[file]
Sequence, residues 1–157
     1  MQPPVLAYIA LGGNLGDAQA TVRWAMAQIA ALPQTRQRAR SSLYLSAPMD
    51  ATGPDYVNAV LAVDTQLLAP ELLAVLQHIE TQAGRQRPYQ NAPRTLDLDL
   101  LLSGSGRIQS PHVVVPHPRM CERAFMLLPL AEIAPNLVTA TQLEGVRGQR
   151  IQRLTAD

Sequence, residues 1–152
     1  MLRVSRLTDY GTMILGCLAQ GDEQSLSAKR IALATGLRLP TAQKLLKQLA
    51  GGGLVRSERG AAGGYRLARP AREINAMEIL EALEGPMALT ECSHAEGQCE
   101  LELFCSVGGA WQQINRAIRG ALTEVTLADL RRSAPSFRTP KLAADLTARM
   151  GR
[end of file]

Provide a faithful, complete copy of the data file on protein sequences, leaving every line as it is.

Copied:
Sequence, residues 1–157
     1  MQPPVLAYIA LGGNLGDAQA TVRWAMAQIA ALPQTRQRAR SSLYLSAPMD
    51  ATGPDYVNAV LAVDTQLLAP ELLAVLQHIE TQAGRQRPYQ NAPRTLDLDL
   101  LLSGSGRIQS PHVVVPHPRM CERAFMLLPL AEIAPNLVTA TQLEGVRGQR
   151  IQRLTAD

Sequence, residues 1–152
     1  MLRVSRLTDY GTMILGCLAQ GDEQSLSAKR IALATGLRLP TAQKLLKQLA
    51  GGGLVRSERG AAGGYRLARP AREINAMEIL EALEGPMALT ECSHAEGQCE
   101  LELFCSVGGA WQQINRAIRG ALTEVTLADL RRSAPSFRTP KLAADLTARM
   151  GR